After a long winter wear, it's inevitable that your kids' puffer coat will need to be freshened up and well-cleaned. Because puffer coats are filled with sometimes delicate insulation, such as down or down-alternative like PrimaLoft® Insulation ThermoPlume®, it's important to take special care when cleaning and washing puffer coats and jackets. These fluffy coats are renowned for losing their fullness and becoming lumpy, and harsh chemicals and detergents can damage the filling. Here are some tips on how to clean basically anything off your kids' puffer coat without destroying the internal insulation.
First of all, because each kid's winter coat is different and there are so many varieties of fillings, read the care label and look for any special instructions for cleaning your jacket. This label will tell you if you can machine wash your coat or if it will require a professional down cleaner.
Next, close all zippers and fasten all pockets to avoid ripping the outer shell, this will also protect any interior lining from harsh chemicals or wetness. Close zippers and buttons, and secure any flaps. Be sure to double-check all pockets for any items.
Now it's time to examine the coat for any dirt that can be removed with a dry cloth or wiped away. Removing any dirt this way can help the cleaning process. Spot clean the down jacket using an all-natural soap or special down soap made specifically for cleaning down. Simply pour a small amount of the cleaning mixture on the areas that need to be cleaned and allow it to sit for 10 to 15 minutes. Once it has soaked the area, rinse with warm, clean water and pat dry.
When handwashing your kids' puffer coat, be sure to complete the above steps before moving forward. This ensures that all things are removed from the pockets and any external debris and dirt is removed before washing.
In a sink or bathtub, use warm water and detergent solution. Just like handwashing a delicate blouse or sweater, simply fill a bathtub, sink or large bucket with warm, clean water and all-natural or down detergent. Place the puffer coat in the soapy solution and gently move it around with your hands. Let the jacket soak for 10 to 15 minutes.
Avoid picking the jacket up when it's wet, as this may damage the outside shell. Instead, drain the water and solution from the bathtub, sink or bucket, and then refill the tub with clean water. Continue to do this until the soapy solution is removed entirely.
Once all that soap is out of your jacket, it's time to be overly precautious and fill your container with clean water again. Allow your puffer coat to sit and soak for another 10 to 15 minutes. Next, move the jacket away from the drain and pour out or drain the remaining water.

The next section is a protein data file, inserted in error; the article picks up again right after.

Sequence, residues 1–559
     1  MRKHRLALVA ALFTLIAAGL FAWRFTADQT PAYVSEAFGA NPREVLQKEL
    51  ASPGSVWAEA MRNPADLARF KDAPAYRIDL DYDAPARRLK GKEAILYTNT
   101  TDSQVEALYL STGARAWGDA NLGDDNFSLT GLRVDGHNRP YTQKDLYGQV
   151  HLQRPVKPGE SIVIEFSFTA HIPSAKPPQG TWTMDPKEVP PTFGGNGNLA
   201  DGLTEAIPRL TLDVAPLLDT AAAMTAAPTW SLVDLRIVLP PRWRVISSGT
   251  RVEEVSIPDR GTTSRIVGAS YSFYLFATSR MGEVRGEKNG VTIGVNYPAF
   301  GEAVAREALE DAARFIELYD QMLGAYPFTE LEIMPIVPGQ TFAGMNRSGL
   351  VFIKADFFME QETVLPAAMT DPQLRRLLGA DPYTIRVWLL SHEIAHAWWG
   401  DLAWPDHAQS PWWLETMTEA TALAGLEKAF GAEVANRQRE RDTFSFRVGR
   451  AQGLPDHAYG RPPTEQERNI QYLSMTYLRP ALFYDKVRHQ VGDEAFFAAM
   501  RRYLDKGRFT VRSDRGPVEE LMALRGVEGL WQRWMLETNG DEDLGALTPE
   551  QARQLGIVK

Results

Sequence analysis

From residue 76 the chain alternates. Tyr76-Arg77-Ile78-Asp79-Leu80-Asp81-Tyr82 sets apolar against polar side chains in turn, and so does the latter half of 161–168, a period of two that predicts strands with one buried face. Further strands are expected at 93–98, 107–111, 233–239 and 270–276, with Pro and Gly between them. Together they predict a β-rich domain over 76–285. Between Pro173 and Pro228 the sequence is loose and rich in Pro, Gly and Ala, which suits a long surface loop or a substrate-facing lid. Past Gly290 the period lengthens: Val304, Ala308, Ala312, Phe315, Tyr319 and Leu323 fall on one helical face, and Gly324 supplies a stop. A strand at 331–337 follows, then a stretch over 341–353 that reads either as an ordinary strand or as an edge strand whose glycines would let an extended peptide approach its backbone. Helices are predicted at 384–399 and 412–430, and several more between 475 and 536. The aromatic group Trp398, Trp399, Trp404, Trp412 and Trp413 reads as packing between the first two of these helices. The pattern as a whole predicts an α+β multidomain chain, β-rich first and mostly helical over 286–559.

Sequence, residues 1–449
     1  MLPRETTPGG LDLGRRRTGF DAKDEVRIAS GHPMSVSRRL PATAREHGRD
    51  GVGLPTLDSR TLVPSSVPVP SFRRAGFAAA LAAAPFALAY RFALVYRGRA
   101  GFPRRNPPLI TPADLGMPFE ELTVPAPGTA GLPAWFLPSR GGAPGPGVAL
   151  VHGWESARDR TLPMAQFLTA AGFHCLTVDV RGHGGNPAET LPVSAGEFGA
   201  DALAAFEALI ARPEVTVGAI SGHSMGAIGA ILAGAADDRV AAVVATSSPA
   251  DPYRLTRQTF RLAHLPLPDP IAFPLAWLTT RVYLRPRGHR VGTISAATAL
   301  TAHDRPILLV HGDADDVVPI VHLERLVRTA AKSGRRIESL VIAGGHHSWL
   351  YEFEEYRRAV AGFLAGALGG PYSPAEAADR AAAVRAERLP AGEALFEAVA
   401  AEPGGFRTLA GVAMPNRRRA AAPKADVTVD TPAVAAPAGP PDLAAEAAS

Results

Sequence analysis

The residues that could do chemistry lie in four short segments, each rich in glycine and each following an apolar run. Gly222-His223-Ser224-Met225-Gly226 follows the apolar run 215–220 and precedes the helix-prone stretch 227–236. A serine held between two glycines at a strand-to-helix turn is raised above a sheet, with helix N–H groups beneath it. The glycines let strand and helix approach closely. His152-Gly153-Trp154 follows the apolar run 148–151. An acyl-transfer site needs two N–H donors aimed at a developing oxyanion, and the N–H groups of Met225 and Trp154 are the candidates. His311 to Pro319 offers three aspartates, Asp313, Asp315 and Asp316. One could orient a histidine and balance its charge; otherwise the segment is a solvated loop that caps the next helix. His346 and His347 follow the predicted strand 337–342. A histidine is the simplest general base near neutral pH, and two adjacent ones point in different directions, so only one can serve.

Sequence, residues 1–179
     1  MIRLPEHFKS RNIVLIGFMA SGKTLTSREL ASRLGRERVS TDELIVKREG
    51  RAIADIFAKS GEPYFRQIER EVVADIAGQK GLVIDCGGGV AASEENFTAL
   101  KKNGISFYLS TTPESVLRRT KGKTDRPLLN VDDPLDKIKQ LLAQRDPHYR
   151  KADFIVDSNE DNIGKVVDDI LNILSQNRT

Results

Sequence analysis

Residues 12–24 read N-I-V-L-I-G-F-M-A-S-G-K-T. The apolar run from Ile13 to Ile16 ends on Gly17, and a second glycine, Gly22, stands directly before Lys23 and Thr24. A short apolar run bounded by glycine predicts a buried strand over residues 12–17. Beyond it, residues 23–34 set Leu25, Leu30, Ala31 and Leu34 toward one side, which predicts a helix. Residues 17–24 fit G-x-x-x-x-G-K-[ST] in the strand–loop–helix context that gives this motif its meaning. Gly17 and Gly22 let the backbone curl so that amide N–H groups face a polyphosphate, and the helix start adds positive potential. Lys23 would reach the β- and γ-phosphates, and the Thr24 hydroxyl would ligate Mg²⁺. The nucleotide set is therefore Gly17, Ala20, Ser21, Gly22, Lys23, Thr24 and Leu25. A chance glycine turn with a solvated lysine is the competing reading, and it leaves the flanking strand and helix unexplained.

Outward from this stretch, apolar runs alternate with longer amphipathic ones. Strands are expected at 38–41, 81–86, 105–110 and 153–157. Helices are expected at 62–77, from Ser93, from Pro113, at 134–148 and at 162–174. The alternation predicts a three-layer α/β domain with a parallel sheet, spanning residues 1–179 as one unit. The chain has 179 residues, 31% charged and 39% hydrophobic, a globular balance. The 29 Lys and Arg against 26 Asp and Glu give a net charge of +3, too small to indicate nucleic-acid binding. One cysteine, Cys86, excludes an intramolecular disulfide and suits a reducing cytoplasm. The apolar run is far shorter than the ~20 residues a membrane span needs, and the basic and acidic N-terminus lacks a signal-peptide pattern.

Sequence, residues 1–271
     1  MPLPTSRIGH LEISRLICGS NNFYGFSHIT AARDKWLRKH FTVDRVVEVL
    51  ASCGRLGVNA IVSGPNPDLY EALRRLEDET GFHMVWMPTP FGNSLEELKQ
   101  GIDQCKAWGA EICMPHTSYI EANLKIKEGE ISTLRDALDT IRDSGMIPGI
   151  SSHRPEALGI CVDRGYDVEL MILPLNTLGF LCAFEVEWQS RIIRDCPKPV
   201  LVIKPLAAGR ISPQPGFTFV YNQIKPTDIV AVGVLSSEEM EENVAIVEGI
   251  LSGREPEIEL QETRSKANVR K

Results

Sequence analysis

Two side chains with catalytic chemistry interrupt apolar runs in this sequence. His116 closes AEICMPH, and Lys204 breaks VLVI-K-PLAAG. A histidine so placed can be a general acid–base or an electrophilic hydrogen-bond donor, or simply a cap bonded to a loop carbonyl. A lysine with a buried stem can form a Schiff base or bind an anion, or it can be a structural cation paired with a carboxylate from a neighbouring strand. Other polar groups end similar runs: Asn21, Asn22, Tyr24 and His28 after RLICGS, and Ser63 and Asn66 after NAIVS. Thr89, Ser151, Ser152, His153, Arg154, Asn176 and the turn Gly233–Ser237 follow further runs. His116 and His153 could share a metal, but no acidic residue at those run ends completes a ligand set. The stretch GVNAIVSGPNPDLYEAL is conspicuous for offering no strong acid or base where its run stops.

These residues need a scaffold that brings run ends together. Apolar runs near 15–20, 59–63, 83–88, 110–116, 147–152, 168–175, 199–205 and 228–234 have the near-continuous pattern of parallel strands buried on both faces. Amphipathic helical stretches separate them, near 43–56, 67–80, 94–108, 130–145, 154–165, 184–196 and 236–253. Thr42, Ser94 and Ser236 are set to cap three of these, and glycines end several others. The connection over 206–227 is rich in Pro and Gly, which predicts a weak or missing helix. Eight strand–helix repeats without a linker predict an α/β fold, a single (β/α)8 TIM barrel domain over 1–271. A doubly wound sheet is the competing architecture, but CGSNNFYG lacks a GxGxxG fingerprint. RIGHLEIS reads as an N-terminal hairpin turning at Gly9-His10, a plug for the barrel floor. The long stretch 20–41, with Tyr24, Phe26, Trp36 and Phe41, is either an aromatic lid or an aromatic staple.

Before starting the drying process, simply ring and squeeze out any water from the puffer coat or jacket. Once you've squeezed out residual water, you can begin the drying process.
Follow the spot cleaning instructions in this guide to remove any excess grime or dirt from your kids' puffer coat before machine washing.
Before putting your kids' puffer coat in the washing machine, double-check your machine for any dirt or residual detergent that could potentially damage the filling of your down coat. Once you are positive the machine is clean, add down-safe or natural detergent to the dispenser.
Put the jacket in the washer alone to avoid any shedding or piling. Set the machine to a cycle for cold, delicates. This will ensure a gentle wash setting for your kids' puffer coat.
Once the washing machine is done with the cycle, set the machine to a rinse cycle and allow the machine to rinse the jacket one more time. This ensures all detergent is removed from the jacket before moving on to the drying process.
To dry your kids' puffer coat, simply set the dryer to low and put the puffer coat inside. Run the machine several times. This process takes a while and it will need numerous cycles before the jacket is thoroughly dry.
Every 30 minutes or so, open the dryer and remove the jacket. You'll want to vigorously shake out the jacket to even out the filling. Another amazing hack is to throw several clean tennis balls into the dryer with the jacket. The balls bounce around, manually fluffing the coat's insulation.
Once the jacket has gone through three to four cycles in the dryer and is thoroughly dry to the touch, remove it from the dryer and give it one last vigorous shake. Then, hang the jacket somewhere to air for a couple of hours to entirely dry out. You should never compress a kid's down jacket or insulated jacket for long periods of time, and it is best to store a down jacket in a place where it can hang and isn't compacted.